Medical Alerts for Seniors with Seizures

Medical Alerts for Seniors with Seizures

time icon 5 min read update icon Sept. 17, 2019


Seizures can be caused by a head injury, illness or stroke. In some cases, the cause will remain unknown. Depending on the situation, seizures may eventually cease. If they do continue, however, they can be treated and managed.

Seizure Overview

A seizure is a sudden electrical disturbance in the brain that causes changes in behavior and muscle control and may affect levels of consciousness. Seizures can happen for several reasons, including a closed head injury, an infection like meningitis, or after a stroke, but the cause is often unknown. Symptoms of a seizure can vary from staring blankly to an arm or leg twitching, to loss of consciousness.

Having a seizure does not necessarily mean you have epilepsy. Two unprovoked seizures are required to be diagnosed with epilepsy. Seizure treatments can include medications or surgery. In many cases, the seizures will stop on their own, but in others, lifelong treatment may be necessary.

Seizure Impairment

Seizures can have an impact on all areas of one’s life, especially if they are unexpected. Not knowing when a seizure will occur can become restrictive and can affect your ability to be happy and productive. Impairment from seizures includes:

  • Loss of consciousness or awareness: When nerve cells in the brain misfire, awareness can be impacted. Seizures can sometimes make the person appear to be sleeping, or the person may appear to be awake, but will be staring blankly.
  • Confusion, mental slowness, memory loss, attention problems: Cognitive impairment is a common complaint of those who suffer seizures. Memory loss is a common issue, as is difficulty concentrating.Sometimes language and judgment are also affected. This is often due to changes in the brain following seizures.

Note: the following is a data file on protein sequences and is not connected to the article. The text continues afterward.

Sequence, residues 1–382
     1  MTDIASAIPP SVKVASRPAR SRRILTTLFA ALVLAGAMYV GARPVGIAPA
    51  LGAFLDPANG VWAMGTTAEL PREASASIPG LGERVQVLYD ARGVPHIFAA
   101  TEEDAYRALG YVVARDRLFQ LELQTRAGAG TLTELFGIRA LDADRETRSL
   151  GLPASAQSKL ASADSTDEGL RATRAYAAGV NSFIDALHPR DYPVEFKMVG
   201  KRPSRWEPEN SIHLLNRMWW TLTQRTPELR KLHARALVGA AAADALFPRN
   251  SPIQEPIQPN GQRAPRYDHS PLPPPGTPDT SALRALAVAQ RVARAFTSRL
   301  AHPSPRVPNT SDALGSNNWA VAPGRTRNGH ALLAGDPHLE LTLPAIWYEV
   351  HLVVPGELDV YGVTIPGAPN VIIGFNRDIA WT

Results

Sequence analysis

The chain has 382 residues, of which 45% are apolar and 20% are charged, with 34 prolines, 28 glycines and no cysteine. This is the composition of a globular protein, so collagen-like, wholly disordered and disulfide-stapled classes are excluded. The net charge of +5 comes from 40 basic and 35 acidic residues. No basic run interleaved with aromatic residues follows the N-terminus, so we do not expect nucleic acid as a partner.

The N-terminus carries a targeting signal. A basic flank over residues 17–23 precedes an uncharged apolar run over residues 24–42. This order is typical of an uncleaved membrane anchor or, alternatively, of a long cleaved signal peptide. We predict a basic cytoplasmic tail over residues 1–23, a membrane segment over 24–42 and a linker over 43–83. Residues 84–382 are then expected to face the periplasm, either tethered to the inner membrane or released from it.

• Inability to control bodily movement: Certain types of seizures cause a person to lose the ability to control bodily movements. These seizures can induce jerky movements of the arms, legs or body, or can cause the person to fall. The safety of the individual is important in every situation.
Medical Alert Benefits

Most seizure symptoms last from a few seconds to a couple of minutes. These types of seizures are often not life-threatening.The primary focus should be keeping the person comforted and safe during and after the seizure. Emergency assistance should be called when:

  • The seizure lasts five minutes or longer
  • The seizure occurs in water,
  • The seizure causes difficulty breathing
  • The person has become injured due to the seizure
  • The person experiences a subsequent seizure after the first without being able to regain consciousness in between

A Medical Alert device would be helpful in situations when getting the person to the hospital is critical. If the person having a seizure can recognize its onset and can trigger the medical alert, assistance can be on the way quickly. If someone is with the person having the seizure, they can activate the medical alert and then attend to the person with the seizure, keeping them safe until help arrives.

Safety Without Medical Alerts

Many people who experience seizures live very full lives. In cases where the seizures can be predicted by knowing what triggers them, or in cases where the seizures are under control with medication, general seizure care is all that is necessary.

General seizure first aid includes:

  • Keeping the person safe and comforted during the seizure
  • Removing objects that can cause injury
  • Speaking calmly and reassuringly to the person during and after the seizure
Seizure Precautions:
  • The best precaution is to have a seizure management plan that those around the person have access to. A team approach is often the best way for a family to deal with seizures.
  • If triggers have been identified, the person suffering from seizures should pay attention to avoid those triggers if possible.
  • Take all medications on schedule and don’t miss doses.
Seizure Medical Alerts Conclusion

A seizure that occurs without an identifiable reason can raise concerns that the person has a long-term problem. However, this is not always true. In some cases, seizures will disappear on their own. There are many reasons that seizures occur, including illnesses. In these situations, it is most likely that once the illness passes, the seizures will as well. A diagnosis of epilepsy requires two seizures, the cause of which cannot be identified.

If seizures do become a fact of life, it might be a good idea to consider a medical alert system. Such a device will provide peace of mind, and can even save a life.

Donna McDurfee - Senior Advisor

Donna is senior researcher with Grandfolk® providing in-depth product and service reviews to empower senior buying decisions.